The suitability of an ESF to model audio can be assessed in the following way.

    There is a method used in audio called linear prediction. Basically, it means to predict a
    sample using a linear combination of previous samples. This method is standard in speech compression, and from what I could tell, also a common method for lossless compression of music.
    If you use the correct number of samples, linear prediction becomes linear determination.
    The sample is exactly a linear combination of previous samples. You need for that the same
    number of linear coefficients as the number of samples which are predicted/determined.

    The mathematics behind my transform proves that the linear determination coefficients are
    equivalent to the set of exponential bases of an ESF.
    Therefore, the modeling power of an ESF is the same as linear prediction.

    Linear prediction, and thus ESF, has been clearly assessed as suitable for modeling
    speech, and AFAIK, the same goes for lossless audio compression, including that of music.

    I do not know of a use of linear prediction in lossy compression of music. I guess it's
    because you are very limited when all you have are linear coefficients. You cannot remove
    frequencies outside the range of human hearing, frequencies with small coefficients, and
    so on.
    You can easily do all that with an ESF.

    Assuming that linear prediction has been successfully used for the lossless compression of
    music, it means that an ESF is suitable for lossy compression of music.

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    Administrator Shelwien's Avatar
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    > Therefore it also differs from FFT/MDCT.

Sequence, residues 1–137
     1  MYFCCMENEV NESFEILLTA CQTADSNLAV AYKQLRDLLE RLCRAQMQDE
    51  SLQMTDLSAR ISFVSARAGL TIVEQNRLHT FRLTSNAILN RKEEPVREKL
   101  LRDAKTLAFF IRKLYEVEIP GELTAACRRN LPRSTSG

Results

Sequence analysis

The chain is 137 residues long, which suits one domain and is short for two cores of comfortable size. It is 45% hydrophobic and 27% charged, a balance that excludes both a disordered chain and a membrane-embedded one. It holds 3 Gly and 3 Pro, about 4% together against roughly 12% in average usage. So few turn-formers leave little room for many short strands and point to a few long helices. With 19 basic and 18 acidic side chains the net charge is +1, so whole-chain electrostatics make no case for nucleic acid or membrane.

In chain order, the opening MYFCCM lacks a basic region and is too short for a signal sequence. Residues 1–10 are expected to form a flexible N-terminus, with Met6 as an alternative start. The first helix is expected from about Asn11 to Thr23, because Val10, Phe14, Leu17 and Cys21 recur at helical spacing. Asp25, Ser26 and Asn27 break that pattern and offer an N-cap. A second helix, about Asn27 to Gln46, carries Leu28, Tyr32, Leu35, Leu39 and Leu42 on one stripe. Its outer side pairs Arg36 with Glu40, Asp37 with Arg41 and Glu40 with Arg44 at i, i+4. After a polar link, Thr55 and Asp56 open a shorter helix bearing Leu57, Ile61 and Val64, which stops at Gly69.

But its still a linear combination.
    Here'a a single piano key - the easiest thing to approximate
    with spectral methods:
    http://nishi.dreamhosters.com/u/sdr0017a.png

    But there's also an envelope - how would you deal with it?

    You started talking about "a new transform", so I tried
    to explain why I think that it won't be of much help anyway.

    However using it to predict new samples is completely different.
    In that case it seems reasonable that you can get better results
    with a more complex approximation function.

    What if you'd take a .wav, subtract predictions from it using your method,
    and compress both files (original and residuals) with some lossless coder (optimfrog?).

    > it means that an ESF is suitable for lossy compression of music.

    There're two common methods of audio coding - either a prediction
    is subtracted from each sample and residuals are encoded, or
    a frame is transformed into coefs, and coefs are encoded.

    Of course, you can do both with your method, but atm I don't
    see why it would be better than FFT in case with coef encoding.
    As well, I don't see how sequential prediction can be combined
    with lossy quantization - maybe blockwise quantization first,
    then sequential prediction, but then the same can be done